Spring 2023 Early Rainfall Report
Not All Bad
I really try to avoid reporting on rainfall until after the winter rainfall in January-February, because rain in the fall, although critical, is only a partial picture of what must happen to have even an average spring wildflower season. That said, without adequate rain in the fall, there is not much hope for germination of plants. Without plants there is no hope for blooms. Nearly all of the popular annual spring wildflowers (that includes bluebonnets) in Texas will germinate from seed sometime between the end of August through the middle of November depending on the amount of rain and soil temperature. Remember that our wildflowers, although they are like super hero plants, they are still plants. They need water and warm soil temperatures for their seeds to germinate. Even the biennial and perennial plants start from seed at some point.
[Some jibber jabber about climate/weather]
Given all that, why am I reporting on the rain in the fall? Well because this is the third La Niña season in a roll. If you follow short term climate swings (heaven forbid if I use the word change!), you know that typically a La Niña season means warmer and drier for Texas. The key word is typical and the other key point is that La Niña is not the only climate/weather system in play.
[End of climate/weather jibber jabber]
To the point…
Just based on a very rough analysis of rainfall for September through mid-November, it does not look all bad. In fact, parts of the Hill Country, Big Bend and South Texas got normal to above normal rainfall.
Steady on...Calm down...
This does not mean we are definitely going to have an average to above season. We still need a relatively cold winter, average winter rainfall followed by a sunny but not dry early spring. We do not know yet how many seeds germinated into plants.
The catch phrase: There is hope!
Best Time to Visit Texas for the Spring Wildflower Show
Are you planning to visit Texas to view the spring wildflowers? Because Texas is so big the wildflowers bloom at different times depending the location in Texas. Generally, the bloom line will march north from deep South Texas, but it will vary depending on elevation and species of wildflower. Check out the article, "When Should I Come to See Texas Wildflowers?" for the details, including a map showing the progression of the bluebonnet bloom-line and a chart with bloom times for some of the other major wildflowers.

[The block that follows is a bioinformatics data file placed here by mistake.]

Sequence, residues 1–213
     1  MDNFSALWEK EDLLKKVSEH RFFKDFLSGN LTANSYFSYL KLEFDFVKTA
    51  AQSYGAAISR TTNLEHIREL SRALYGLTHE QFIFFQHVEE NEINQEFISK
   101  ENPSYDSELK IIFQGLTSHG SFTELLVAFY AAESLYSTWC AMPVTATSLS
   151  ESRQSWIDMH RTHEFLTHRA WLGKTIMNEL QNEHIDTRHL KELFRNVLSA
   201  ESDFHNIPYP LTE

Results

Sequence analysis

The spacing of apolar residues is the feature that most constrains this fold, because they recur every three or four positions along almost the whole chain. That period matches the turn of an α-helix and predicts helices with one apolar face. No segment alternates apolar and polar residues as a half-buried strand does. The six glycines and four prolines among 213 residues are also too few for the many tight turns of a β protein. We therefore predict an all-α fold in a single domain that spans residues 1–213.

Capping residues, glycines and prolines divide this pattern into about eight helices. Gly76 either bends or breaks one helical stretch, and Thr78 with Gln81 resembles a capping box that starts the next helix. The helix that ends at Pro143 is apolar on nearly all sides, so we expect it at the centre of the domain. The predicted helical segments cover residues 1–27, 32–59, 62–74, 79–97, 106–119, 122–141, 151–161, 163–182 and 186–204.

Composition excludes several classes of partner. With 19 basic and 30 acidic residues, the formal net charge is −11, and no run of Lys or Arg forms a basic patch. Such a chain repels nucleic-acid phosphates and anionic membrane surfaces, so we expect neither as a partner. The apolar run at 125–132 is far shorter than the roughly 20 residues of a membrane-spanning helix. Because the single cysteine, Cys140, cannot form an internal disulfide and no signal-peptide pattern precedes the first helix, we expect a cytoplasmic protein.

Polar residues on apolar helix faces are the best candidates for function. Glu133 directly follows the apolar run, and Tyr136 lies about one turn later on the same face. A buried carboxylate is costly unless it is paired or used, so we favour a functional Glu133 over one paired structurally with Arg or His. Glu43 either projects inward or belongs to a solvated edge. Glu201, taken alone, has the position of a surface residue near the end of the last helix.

Wildflower Travel eBooks
Whether you are new to the Texas Spring Wildflower show or you just need some guidance on where to go, our Texas Bluebonnet and Wildflower Routes eBooks can help. Each one contains maps and suggested routes that have had some of the best displays in the past. There is an eBook for the following major wildflower areas in Texas:
Brenham – located northwest of Houston is unique in its Texas history and has some really nice rolling hillside displays. The historic and scenic La Bahia Road (FM 390 loop) from Burton through Independence, Texas is a must do drive anytime of the year. The Brenham eBook highlights roads like FM 390 and some “off-the-beaten” paths.
Ennis – located just south of Dallas, the Ennis area is known for its dramatic bluebonnet displays. The local garden group goes out each year and puts up signs for the best routes. Our eBook includes the Ennis published routes with comments on what you can find along the routes along with some routes not usually listed by the garden group. The Ennis eBook also covers other areas in the region that can also produce some great displays.
Hill Country – located northwest of San Antonio, is a favorite of landscape photographers. With majestic hills and valleys with rugged country roads, the Hill Country covered with wildflowers is a sight not to be missed. Not every year is the best, but even in an average year there are some great views to be enjoyed and photographed. The Hill Country eBook lists some special routes and highlights some of the small communities. How about a bluebonnet covered cemetery from the 1800s?
San Antonio – South/East eBook covers some of the popular counties just south and east of San Antonio, Texas. Counties like Atascosa County where you can view fields of sandyland bluebonnets, phlox or paintbrush. If you like a variety of wildflowers with some bluebonnets thrown in, then this eBook is what you need.
All of these eBooks are free to download and evaluate. If you use them then please donate $5 for each one you download or $15 for all four. This is our only source of income to help keep this site going.